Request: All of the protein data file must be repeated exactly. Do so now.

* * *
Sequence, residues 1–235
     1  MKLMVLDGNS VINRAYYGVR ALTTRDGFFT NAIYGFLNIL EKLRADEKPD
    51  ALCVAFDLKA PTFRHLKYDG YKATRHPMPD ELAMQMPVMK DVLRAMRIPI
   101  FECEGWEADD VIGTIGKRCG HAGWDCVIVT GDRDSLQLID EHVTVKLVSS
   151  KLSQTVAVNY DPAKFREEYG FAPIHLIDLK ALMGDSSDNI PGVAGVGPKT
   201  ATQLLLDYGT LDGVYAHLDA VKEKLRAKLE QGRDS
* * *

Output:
Sequence, residues 1–235
     1  MKLMVLDGNS VINRAYYGVR ALTTRDGFFT NAIYGFLNIL EKLRADEKPD
    51  ALCVAFDLKA PTFRHLKYDG YKATRHPMPD ELAMQMPVMK DVLRAMRIPI
   101  FECEGWEADD VIGTIGKRCG HAGWDCVIVT GDRDSLQLID EHVTVKLVSS
   151  KLSQTVAVNY DPAKFREEYG FAPIHLIDLK ALMGDSSDNI PGVAGVGPKT
   201  ATQLLLDYGT LDGVYAHLDA VKEKLRAKLE QGRDS